Why don't passenger seats on aircraft face backwards? © Getty Images

Why don’t passenger seats on aircraft face backwards?

Backwards facing seats are certainly less conventional but could sitting backwards on a plane be safer?

Asked by: Billy Doyle, by email


Air crash investigators have found that flight stewards in rear-facing seats have suffered less severe injuries in accidents than forward-facing passengers. This is because the energy from the body as it decelerates rapidly in a crash is dispersed evenly through the seatback, rather than concentrated on the seatbelt, which cuts into a person facing forward. Although rear-facing seats are probably safer, airlines have resisted them, largely because they fear passengers will find the idea unacceptable. British Airways has installed rear-facing seats in its Club World cabins; Southwest Airlines in the US experimented with the idea in economy class, but reverted to conventional forward-facing seats.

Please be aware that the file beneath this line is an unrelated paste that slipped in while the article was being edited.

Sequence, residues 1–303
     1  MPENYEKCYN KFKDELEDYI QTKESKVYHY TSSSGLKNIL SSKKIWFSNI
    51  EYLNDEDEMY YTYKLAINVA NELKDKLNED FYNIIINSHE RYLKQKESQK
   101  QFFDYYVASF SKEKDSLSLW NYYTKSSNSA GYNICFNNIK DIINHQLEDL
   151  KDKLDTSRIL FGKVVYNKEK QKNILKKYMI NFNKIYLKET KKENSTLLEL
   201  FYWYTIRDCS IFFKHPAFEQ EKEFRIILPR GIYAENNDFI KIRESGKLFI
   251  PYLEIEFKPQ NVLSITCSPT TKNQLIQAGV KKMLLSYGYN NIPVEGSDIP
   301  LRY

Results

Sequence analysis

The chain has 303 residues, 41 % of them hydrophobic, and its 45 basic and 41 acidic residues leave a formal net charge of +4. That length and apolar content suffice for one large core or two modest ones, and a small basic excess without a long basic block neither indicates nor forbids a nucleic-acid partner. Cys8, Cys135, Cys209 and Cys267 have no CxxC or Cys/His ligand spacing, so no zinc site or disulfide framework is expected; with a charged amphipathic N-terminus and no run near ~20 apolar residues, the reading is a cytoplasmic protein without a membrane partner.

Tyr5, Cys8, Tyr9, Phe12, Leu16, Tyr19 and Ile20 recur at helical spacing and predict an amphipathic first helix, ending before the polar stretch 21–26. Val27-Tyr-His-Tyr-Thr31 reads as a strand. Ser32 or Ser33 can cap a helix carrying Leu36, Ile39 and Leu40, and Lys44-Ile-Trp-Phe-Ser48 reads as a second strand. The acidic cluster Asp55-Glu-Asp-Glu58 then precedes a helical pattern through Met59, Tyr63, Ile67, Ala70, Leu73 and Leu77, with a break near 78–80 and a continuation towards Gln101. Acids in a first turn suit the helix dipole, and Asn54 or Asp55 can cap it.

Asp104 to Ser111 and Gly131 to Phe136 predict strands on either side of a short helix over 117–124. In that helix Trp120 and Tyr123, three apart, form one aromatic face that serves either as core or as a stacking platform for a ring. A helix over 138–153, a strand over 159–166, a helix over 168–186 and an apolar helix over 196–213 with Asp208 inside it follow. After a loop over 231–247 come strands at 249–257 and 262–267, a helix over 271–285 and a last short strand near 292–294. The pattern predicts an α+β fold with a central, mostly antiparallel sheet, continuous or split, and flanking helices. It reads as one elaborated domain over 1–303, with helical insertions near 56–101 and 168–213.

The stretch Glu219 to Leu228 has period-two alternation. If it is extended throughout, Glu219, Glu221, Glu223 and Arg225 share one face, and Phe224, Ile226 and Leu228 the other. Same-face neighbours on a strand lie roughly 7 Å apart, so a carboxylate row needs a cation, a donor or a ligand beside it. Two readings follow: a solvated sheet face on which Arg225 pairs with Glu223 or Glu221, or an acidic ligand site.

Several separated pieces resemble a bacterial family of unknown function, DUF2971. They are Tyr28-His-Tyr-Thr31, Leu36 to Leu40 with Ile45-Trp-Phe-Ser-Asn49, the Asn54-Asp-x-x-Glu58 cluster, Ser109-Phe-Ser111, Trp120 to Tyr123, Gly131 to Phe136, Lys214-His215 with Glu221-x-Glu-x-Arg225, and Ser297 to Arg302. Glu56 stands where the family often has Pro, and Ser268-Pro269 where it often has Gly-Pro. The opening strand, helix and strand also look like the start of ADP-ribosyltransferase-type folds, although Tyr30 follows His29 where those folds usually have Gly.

Subscribe to BBC Focus magazine for fascinating new Q&As every month and follow @sciencefocusQA on Twitter for your daily dose of fun science facts.